Thankfully, the internet can be a huge support group for people who need answers.  I recommend PFLAG.  There are unlimited sites out there but here are two I feel are accurate and informative.  I’d be happy to answer any questions your readers may have!

Thanks so much for sharing, Staci!  Do you guys have any (polite! respectful!) questions?

photo by ariel hasanovic // cc

30 Comments

Rachelia G

This is a really beautiful and honest true story! Thank you for sharing your experience. I too believe that most people are capable of capable of having healthy, beautiful relationships with anyone, if love is present.

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Rebecca

I agree with Rachelia that I love Staci's comment that anyone is capable of having an amazing relationship with anyone as long as love and respect exist. We need more people to think like this in the world.

I am currently writing a thesis on sexuality and migration from Mexico and have learned so much about the trans community through that. While other groups who don't recognize themselves by heteronormative standards, such as gays and lesbians, have found a voice within their communities and are becoming more recognized and accepted in mainstream society, the trans community still exists very much in the shadows. This is why I thank you for doing this interview, Sarah, and thank Staci for sharing her story with us! It is so important for people to be exposed to positive stories of non-normative relationships like this and realize that everyone deserves to be loved.

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Sara

What a wonderful story. It sounds like it was a great period in your life being with A. Thank you for sharing.

I must say that transgenderism is a concept that has always confused me. I have a genuine desire to understand it because I'm going into social work and I want to be prepared for the possibility of working with transgender individuals, but I've never actually met a transgender individual who I felt comfortable asking.
That being said, I'd like to ask the question that has always nagged me, and I want to be so clear that I don't mean to ask it in an argumentative or offensive way. This is a real question that I really want to know the answer to to help me better understand the transgender community.

If gender roles and identities are based on societal norms, why change your biology simply because society dictates that your thoughts/behavior/desires/etc are indicative of a different sex? Why not simply be who you are and keep the body you have? I guess what I'm asking is, what is the difference between being transgender and just being different from what society expects?

Once again, I am not asking this to be rude/argumentative/insensitive. I really want to understand.

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Anonymous

i'm not transgendered, but i have had several trans friends transitioning in both directions. the problem isn't about trying to fit into societal norms of gender roles, it's about feeling like you are in the body you should have had all along. i have a very good friend that is ftm and he always felt incredibly uncomfortable being perceived as a woman. he was uncomfortable wth his body, not least of all the DD breasts his genetics produced. in being transgender, changing your body to the right sex *is* being who you are because your birth-gender is so mentally and emotionally *not* who you are. i hope that makes some sense, because it is a bit difficult to explain and understand from the outsider perspective.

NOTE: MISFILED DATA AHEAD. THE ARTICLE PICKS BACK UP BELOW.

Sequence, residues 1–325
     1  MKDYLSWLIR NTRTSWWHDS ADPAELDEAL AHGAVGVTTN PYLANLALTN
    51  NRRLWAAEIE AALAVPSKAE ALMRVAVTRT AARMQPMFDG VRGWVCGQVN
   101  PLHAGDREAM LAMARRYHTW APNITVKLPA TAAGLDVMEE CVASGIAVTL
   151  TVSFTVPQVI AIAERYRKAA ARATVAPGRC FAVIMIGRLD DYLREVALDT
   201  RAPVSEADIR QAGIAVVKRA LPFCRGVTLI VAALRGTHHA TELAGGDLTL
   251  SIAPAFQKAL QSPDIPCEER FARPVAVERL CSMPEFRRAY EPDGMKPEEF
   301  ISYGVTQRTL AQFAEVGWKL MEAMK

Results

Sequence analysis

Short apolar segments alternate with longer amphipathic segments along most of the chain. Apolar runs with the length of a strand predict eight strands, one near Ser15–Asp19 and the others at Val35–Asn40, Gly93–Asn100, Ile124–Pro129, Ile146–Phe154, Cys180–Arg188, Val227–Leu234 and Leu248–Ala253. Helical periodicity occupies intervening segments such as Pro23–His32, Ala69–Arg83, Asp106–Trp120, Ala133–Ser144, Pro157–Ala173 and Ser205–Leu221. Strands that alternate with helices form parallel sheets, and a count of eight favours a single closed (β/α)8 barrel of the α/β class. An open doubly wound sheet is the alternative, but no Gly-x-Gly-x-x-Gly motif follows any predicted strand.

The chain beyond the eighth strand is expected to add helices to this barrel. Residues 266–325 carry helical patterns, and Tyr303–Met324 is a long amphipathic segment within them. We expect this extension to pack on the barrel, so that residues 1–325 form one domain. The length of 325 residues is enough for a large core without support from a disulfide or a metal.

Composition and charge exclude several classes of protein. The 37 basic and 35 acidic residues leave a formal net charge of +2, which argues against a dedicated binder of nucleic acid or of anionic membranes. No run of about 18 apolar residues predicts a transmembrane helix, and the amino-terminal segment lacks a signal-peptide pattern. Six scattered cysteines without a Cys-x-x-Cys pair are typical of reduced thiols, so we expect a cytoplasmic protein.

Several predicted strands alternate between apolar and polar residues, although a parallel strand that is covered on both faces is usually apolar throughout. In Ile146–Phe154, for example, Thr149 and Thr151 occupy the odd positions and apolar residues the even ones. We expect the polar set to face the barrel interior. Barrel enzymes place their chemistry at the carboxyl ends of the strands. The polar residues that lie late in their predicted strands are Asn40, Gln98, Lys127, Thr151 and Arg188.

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Self-Preservation

It's me, A-.

First off. Props to Staci. No matter what transgresses or transpires we continue to find one another in life and soothe each other's souls. You done good with this piece, kid, and I love you always.

Now, for the question and answer portion of this comment, directed at Sara:

Transgenderism can be confusing even for those who may struggle or live with this as a part of their lives. What you're asking is extremely layered. It’s not quite as simple as going against the expectation for you to attend a University or get married and/or want to start a family. Transgenderism is not considered just being misunderstood. For some reason making the brave decision to live your life in people’s faces, to alter “what God has seen fit” for you, well, that is a disgraceful act. And before I continue I must state that I promise to speak on behalf of myself and no one else, regardless their [gender] identity.

I like to ask people, “Do you have to reconsider your gender, ponder your body versus your desires, every day you wake up?” The answer is usually no. And the same goes for me.

There is nothing as simple as black and white on the gender spectrum once you begin speaking about transgenderism. Transgender means to medically transition. That could be hormone replacement therapy and/or surgery. Staci makes several points above distinguishing trasnvestism from transgenderism, but it still goes deeper.